em: kevin аτ blackistone.com

Transpositional Realities

Much has been described and developed in the manufactured worlds of the virtual and the technologies of visual (sensory) augmentation. What is happening in the mean-time, but far less explored, is the growth of a form of transpositional reality. While much of virtual reality exists to present a new world to the individual, the use of live video allows us an opportunity to explore the world as it is, from from a perspective that we can not ordinarily enjoy. This is already coming into use in the form of virtual tours of real-estate as well as live virtual experiences of concerts and events, bu these uses of the technology are incredibly lacking in vision and only scratching the surface of what is possible now, let alone any consideration for what could be done creatively using future technology.


My current work Extensions of Self is a very basic level exploration of this idea. It allows two people to move and interact with each other/themselves from the alternative perspective of the other. It’s this form of out-of-body transposition that I find most intriguing in the current iterations of the field. This has been explored in movies such as Strange Days in which there’s an underground network of memory peddlers. What’s it like to actually view one’s self from the perspective of another, or just to momentarily exist as another. What does it feel like to see your own body as a form a astral projection - floating and bodiless? What do you look like from another height?, from the side?, behind? not reflected? and to see these perspectives shift as another’s view shifts.


Many cameras are scale independent – they operate as a point rather than a volume. It is simple enough to shift the perspective to allow views that provide a variation to what we are used to. Simply moving a 360 camera closer to the ground allows a perspective of a small rodent. Push two cameras closer together and the shift in parallax further heightens this effect. With sufficient design one could experience the view on an insect scale. Controlling such a device while immersed can shift one’s perspective on what’s important on a micro scale. Conversely place two cameras at height and widely separated and enjoy the perspective of one at greater scale 1.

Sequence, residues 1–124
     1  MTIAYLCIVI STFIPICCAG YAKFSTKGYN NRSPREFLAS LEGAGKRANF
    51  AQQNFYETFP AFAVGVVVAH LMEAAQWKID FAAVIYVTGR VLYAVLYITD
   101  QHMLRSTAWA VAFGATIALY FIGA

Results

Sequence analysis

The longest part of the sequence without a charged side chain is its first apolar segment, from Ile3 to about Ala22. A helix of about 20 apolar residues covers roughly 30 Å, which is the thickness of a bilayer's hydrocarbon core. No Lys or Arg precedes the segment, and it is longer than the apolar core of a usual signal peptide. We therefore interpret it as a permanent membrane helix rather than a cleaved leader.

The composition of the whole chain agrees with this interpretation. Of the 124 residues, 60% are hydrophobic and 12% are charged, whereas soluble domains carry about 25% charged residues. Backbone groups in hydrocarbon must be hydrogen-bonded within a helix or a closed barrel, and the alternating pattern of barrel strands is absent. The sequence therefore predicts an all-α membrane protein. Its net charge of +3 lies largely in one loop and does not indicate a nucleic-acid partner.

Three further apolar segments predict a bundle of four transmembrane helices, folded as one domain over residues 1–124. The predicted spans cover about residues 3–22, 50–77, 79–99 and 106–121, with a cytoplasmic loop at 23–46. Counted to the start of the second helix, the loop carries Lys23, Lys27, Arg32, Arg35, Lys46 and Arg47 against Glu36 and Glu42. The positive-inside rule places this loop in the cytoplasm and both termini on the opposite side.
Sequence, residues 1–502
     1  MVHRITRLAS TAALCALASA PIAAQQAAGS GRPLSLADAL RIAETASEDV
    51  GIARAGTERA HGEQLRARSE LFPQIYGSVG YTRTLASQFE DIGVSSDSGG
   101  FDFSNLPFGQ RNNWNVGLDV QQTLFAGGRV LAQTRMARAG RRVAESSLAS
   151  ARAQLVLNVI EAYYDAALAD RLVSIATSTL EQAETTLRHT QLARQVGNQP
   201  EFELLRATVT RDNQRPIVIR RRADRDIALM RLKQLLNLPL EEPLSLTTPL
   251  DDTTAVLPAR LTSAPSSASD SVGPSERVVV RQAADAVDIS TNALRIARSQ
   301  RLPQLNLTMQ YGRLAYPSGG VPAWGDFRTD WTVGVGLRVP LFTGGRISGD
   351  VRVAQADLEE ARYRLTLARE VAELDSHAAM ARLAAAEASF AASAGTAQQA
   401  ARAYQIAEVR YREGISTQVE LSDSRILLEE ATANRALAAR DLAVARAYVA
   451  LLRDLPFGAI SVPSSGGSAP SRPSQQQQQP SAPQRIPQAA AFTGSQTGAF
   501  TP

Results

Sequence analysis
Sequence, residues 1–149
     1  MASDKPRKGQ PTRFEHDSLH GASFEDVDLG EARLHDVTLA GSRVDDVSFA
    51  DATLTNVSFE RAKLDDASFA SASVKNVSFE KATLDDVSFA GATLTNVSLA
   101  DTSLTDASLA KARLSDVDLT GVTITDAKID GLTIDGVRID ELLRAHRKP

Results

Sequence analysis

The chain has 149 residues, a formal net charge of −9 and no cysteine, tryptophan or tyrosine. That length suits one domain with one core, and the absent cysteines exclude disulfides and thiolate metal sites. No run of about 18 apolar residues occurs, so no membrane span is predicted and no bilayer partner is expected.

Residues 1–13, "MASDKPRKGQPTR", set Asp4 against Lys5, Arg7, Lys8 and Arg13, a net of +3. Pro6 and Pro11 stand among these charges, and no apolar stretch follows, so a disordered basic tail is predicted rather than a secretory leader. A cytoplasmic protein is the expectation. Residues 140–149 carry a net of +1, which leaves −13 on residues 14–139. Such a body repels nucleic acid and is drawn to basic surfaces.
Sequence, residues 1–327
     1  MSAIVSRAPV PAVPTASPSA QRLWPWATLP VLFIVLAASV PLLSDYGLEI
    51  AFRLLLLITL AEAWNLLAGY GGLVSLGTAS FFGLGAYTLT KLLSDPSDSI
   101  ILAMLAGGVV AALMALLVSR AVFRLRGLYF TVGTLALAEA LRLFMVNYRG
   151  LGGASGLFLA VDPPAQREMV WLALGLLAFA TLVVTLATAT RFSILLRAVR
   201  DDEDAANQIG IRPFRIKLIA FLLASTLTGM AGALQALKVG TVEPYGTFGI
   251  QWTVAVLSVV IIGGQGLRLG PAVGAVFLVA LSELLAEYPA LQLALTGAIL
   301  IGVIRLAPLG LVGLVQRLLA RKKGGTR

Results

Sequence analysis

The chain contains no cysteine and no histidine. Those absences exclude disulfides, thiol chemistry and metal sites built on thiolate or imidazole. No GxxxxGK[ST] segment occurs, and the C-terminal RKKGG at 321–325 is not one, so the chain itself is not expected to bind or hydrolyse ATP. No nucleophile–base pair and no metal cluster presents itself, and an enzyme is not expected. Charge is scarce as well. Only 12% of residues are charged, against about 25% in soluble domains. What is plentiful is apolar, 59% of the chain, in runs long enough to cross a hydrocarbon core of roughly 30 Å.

Moving beyond what can be done with physical cameras, we can expand to combinations with other technologies. Ultrasound technologies have already advanced to the point of third dimensional motion. While this is a relatively low resolution technology, it’s ability to provide a live voxel rendering of the interior of the body gives intriguing possibilities to start allowing individuals to have their own journeys through their bodies in real-time. Alternatively, we have sensors which allow viewing the world in IR or UV. How might our perspectives shift if we were able to interact with the world, live, but with the variations and damages that are not visible to human eyes.


Transpositions need not be physical, or not solely so. If one takes the above concepts, and accentuated the natural technological lag, one can explore a temporal space multiple times and from different perspectives each time. Properly explored, what might it be to relive an experience from several viewpoints. What if instead, one were to watch their own movements and try to follow them. The game Red Hot already plays with the concept of time accelerating and decelerating, but what’s the effect of seeing the world on a different time scale, but fully immersed, rather than simply viewing a passive time-lapse. What would be our view the of the world from a giant's-eye view, at a giant's time scale that we might then move through?


1 XKCD “Depth Perception.”

»January 5, 2020